Why You Can’t Ever Call an Enslaved Woman a “Mistress”

In the black community, many different opinions abound regarding the usefulness of Black History Month. For some, it is viewed as a necessary and critical tool for cultural celebration and propagating the importance of our collective historical achievements, which otherwise would go unnoticed. For others, it feels like a reductive display offorced lip service conducted during the shortest and coldest month of the year, in lieu of providing us with a more sustained and inclusive role in the everyday curriculum. But what we all can agree on is that presenting our history in a wholly accurate and factual manner delivered with the correct context is of the utmost importance, which is why we react so strongly to inaccurate and/or misrepresentative claims.

That irritation was inflamed this past weekend when The Washington Postpublished an article about a restoration that would be occurring at Monticello, the plantation of America’s third president, Thomas Jefferson, which is operated as a museum. The restoration to be completed will involve unmasking a bathroom installed in 1941 just steps from Jefferson’s bedroom to reveal what the room really was: Sally Hemings’s bedroom.

In the black community, many different opinions abound regarding the usefulness of Black History Month. For some, it is viewed as a necessary and critical tool for cultural celebration and propagating the importance of our collective historical achievements, which otherwise would go unnoticed. For others, it feels like a reductive display offorced lip service conducted during the shortest and coldest month of the year, in lieu of providing us with a more sustained and inclusive role in the everyday curriculum. But what we all can agree on is that presenting our history in a wholly accurate and factual manner delivered with the correct context is of the utmost importance, which is why we react so strongly to inaccurate and/or misrepresentative claims.

That irritation was inflamed this past weekend when The Washington Postpublished an article about a restoration that would be occurring at Monticello, the plantation of America’s third president, Thomas Jefferson, which is operated as a museum. The restoration to be completed will involve unmasking a bathroom installed in 1941 just steps from Jefferson’s bedroom to reveal what the room really was: Sally Hemings’s bedroom.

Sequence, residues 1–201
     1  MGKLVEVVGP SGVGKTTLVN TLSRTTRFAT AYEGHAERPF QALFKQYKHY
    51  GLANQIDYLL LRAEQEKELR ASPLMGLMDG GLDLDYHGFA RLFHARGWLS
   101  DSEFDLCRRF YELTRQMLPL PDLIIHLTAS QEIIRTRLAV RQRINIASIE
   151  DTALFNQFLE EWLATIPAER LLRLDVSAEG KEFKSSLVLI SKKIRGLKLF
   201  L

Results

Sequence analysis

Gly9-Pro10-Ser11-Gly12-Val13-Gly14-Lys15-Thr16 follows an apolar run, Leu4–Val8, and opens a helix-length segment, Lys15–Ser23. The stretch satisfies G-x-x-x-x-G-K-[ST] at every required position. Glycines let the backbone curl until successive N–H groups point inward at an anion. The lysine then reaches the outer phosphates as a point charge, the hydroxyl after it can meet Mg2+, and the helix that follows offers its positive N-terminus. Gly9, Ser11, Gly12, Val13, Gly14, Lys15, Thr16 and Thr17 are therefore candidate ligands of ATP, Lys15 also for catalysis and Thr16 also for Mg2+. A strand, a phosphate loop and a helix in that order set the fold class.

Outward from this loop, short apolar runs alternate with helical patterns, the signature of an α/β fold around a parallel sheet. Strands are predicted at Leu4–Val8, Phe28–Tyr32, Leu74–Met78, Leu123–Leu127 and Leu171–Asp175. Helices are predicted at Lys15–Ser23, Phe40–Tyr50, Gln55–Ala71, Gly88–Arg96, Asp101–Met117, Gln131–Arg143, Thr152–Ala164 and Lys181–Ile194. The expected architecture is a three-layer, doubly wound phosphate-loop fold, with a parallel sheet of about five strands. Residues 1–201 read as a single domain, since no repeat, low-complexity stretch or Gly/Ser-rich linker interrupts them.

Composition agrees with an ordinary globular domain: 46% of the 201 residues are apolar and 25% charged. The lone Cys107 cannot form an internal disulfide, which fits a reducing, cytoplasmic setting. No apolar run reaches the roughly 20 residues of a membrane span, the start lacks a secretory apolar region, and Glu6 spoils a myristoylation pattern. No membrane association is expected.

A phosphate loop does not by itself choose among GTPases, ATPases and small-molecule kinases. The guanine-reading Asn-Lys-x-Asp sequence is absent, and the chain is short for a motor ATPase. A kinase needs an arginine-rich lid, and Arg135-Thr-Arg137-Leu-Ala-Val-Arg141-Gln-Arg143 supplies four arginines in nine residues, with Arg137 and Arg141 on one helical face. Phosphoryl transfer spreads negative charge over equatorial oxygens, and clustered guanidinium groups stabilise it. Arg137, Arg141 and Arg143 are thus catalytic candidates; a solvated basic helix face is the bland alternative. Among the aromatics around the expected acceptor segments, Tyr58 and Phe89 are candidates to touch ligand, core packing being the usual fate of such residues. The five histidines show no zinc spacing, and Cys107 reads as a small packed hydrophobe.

Jefferson owned many slaves at Monticello, but Hemings has received the most attention because she is believed to have mothered at least six of his children. This fact led The Washington Post to use the word “mistress” in the title of its article (which has now been changed) and its tweet regarding the article.


This enraged many people because it’s insulting to identify the relationship between a slave and a slave-owner using the term “mistress” when that term denotes a relationship predicated on mutual choice, autonomy, and affirmative consent — things slaves do not have. As a slave, Hemings was not afforded the privilege of self-determination, meaning she didn’t do what she wanted; she did what she was told. The word to describe that type of interaction is not ‘affair’; it’s rape.

This is so problematic, not just because it erases the abuse that Hemings endured along with generations of other male and female slaves, but also because it romanticizes Jefferson as a man vitalized by romance, reframing his predatory behavior under the guise of mutual enchantment, as Mikki Kendall artfully establishes in her informative Twitter thread.

But this is not an isolated incident, nor is it a brand-new error. The misnomer of “mistress” has been applied to enslaved women by different publications at different times recently and throughout history. In 2015, The New York Times posted a lengthy and in-depthobituary on the life of civil rights icon, Julian Bond, which featured the line, “Julian Bond’s great-grandmother Jane Bond was the slave mistress of a Kentucky farmer.” The Timespublic editor ultimately issued an apology for the mistake after swift backlash erupted online.

And just to reinforce how insidious this misused term has become, it should also be noted that Bond, a black man with a deep mind on issues of race, even reportedly used the word “mistress” himself to describe his great-grandmother, according to The Atlanta-Journal Constitution. That’s why it so important to be vigilant about contextualizing our history, and any history, in an absolutely correct manner.

A slave cannot be a mistress. This is not an “alternative fact” but rather the objective reality of being dominated, dehumanized, and disenfranchised against your will. As we collectively aim to have black history given the weight and appreciation it’s due, let us resolve to ensure that this historical discrepancies are straightened out, corrected, and handed down to future generations with a proper frame of reference. Let’s do better.

Source: Why You Can’t Ever Call an Enslaved Woman a “Mistress” 

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3 thoughts on “Why You Can’t Ever Call an Enslaved Woman a “Mistress”

  1. The article’s font appears light grey on a black background on a pc. In the comment section, the font is perfect, but the article’s font is light grey.

    Like

  2. I liked your article, and yes there is no way a slave can be called a mistress. It was never consensual, and the woman was always a victim, and a raped one at that. The only other thing I would like to add, could you please make the characters of your text in white, or some color that is easy to read on a black background? that was my only problem with the article, it was hard to read!

    Liked by 1 person

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